1 Corinthians 1:18-31
For the preaching of the cross is to them that perish foolishness; but to us which are saved it is the power of God.…
By an easy movement he advances to the gospel, to the mode of preaching it as essential to its Divine success, and thus reaches the climax of his reasoning in the first chapter. Other functions of his apostleship will come hereafter into view - the resolute disciplinarian, the firm, administrator, the tender but unyielding executive of the Head of the Church. At present, however, one thing absorbs him, namely, the Divine institution of preaching. What is his foremost relation to these Corinthians? It is that of a preacher of Christ's gospel. And how had he preached it? "Not with wisdom of words" - not as a speculative thinker, not as a Greek rhetorician, not in the spirit of worldly eloquence - "lest the cross of Christ should be made of none effect." Two things are prominently set forth - the gospel and its manner of presentation; and Christ is in each of them, and in each of them alike, so that not only the substance of the gospel, but the mode of its exhibition, must conform to his sovereignty as the Head of the Church. All preaching of the gospel is not gospel preaching. Looking at the character in the light St. Paul viewed it, the preacher was an original creation of Christ, a new force ordained and anointed of him, and introduced by him for the proclamation of the gospel. It dated no further back than Pentecost; it was of universal adaptation; it was to command all languages, and speak to the simplest instincts, not of men, but of man as man; and this original creation, this new force, was to continue through all time, and never surrender its rights and prerogatives to any successor. And the spirit and matter of fulfilling this grand office were thoroughly unworldly, so much so, indeed, that, it would strike the Greek as "foolishness," and prove to the Jew "a stumbling block." But in contrast with the Greek and his search after wisdom, and with the Jew in his love of national signs as the elect race of Jehovah, Christ was preached as "the power of God and the wisdom of God." The word "power" is not used except in connection with the preaching of "Christ crucified," and its value in the argument is assured by its specialty of application. All the aid of contrast and comparison is given to this one word. Power, God's power, is the designation of preaching Christ crucified. Over against it are put "not many wise men after the flesh, not many mighty, not many noble," and the array of dissimilarity is lengthened out by "foolish things," "weak things," "base things," and "things despised." But what bearing has this condensed energy of a single idea and its rapid accumulation of phraseological forms on the partisanship of these Corinthians? Has not the apostle wandered from the main idea of the chapter - the "contentions among you"? Nay, this very partisanship is the exact opposite of Paul, Peter, Apollos, in preaching the gospel, and they can never consent to this abuse of their position. Nay, further, it is in downright antagonism to "Christ crucified." There is no "power" in it, no "wisdom." It is the idolatry of the senses. It is the intellect of the senses repeating the folly of Greek and Jew in another but equally fatal shape. It is mere seeking to find themselves and their glory in man. Directly opposite to this, St. Paul argues, we preach "Christ crucified," so that "no flesh should glory in his presence." A great lesson it is in the true spirituality of Christianity as the only strength and safeguard of the Church. If Christ is "made unto us wisdom, and righteousness, and sanctification, and redemption;" if Christ become "the power of God" to our hearts in this fourfold form of the "riches of grace;" the root of all worldliness is destroyed, partisanship is at an end, because self-seeking is ended, and henceforth that Scripture has a very real import to us, "He that glorieth, let him glory in the Lord." A man may admire others for their own sakes, and this admiration may be very helpful. To admire others because our image is projected upon them can only augment our own weakness. Our praise in such cases is but the echo of our self admiration, and echoes are dying sounds. - L.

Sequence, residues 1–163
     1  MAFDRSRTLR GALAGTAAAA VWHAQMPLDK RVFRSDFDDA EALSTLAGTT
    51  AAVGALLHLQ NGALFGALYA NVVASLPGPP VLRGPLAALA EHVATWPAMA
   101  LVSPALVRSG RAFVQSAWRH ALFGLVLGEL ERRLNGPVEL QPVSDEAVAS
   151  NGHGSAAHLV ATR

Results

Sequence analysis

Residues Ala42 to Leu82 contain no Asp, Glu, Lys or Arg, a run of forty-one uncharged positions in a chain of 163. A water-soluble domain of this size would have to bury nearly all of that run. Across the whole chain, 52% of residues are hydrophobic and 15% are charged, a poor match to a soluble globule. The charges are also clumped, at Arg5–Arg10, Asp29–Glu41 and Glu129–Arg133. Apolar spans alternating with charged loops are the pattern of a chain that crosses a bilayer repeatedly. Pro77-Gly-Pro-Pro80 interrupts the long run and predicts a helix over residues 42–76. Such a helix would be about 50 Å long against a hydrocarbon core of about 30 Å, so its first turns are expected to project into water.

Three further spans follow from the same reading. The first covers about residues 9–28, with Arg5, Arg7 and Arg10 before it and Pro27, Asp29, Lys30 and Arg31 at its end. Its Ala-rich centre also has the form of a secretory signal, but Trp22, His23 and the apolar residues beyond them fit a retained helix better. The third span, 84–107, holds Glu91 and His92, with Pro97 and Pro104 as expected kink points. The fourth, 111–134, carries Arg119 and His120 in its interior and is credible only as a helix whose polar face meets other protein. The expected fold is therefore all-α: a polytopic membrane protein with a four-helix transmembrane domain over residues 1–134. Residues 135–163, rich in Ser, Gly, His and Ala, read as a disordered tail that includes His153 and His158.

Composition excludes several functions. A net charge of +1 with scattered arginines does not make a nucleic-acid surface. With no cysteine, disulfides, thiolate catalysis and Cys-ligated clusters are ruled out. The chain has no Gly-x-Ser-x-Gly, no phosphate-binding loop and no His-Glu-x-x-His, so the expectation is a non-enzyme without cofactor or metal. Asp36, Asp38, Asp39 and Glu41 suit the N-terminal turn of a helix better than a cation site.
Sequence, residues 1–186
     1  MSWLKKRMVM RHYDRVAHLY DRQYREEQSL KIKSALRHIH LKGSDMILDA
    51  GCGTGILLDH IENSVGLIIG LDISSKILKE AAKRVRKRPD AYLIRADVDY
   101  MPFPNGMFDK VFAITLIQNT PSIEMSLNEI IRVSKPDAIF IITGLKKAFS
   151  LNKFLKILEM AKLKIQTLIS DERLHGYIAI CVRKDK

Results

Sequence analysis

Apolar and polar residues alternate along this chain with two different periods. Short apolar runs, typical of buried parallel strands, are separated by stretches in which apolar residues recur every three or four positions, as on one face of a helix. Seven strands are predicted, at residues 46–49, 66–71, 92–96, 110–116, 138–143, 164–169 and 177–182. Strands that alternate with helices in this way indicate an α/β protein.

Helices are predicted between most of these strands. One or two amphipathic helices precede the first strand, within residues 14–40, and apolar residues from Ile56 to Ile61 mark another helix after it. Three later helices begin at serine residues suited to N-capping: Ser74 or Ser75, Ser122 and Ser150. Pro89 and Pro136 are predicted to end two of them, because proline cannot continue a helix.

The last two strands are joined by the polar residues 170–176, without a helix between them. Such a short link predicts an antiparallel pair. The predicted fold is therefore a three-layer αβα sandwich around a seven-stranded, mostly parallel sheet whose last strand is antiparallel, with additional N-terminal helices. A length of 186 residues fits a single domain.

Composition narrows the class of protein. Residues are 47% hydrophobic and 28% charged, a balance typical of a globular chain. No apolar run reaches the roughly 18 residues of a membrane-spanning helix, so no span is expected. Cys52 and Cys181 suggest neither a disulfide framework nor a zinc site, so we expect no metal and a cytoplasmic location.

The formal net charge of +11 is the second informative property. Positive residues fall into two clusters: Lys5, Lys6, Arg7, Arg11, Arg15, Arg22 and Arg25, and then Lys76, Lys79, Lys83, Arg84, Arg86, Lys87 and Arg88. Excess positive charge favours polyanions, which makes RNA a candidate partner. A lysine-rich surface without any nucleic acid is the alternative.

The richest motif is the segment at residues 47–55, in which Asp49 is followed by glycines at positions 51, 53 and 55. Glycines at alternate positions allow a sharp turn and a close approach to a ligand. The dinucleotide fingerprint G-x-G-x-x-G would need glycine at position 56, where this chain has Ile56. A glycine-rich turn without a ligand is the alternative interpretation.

Parallel VersesKJV: For the preaching of the cross is to them that perish foolishness; but unto us which are saved it is the power of God.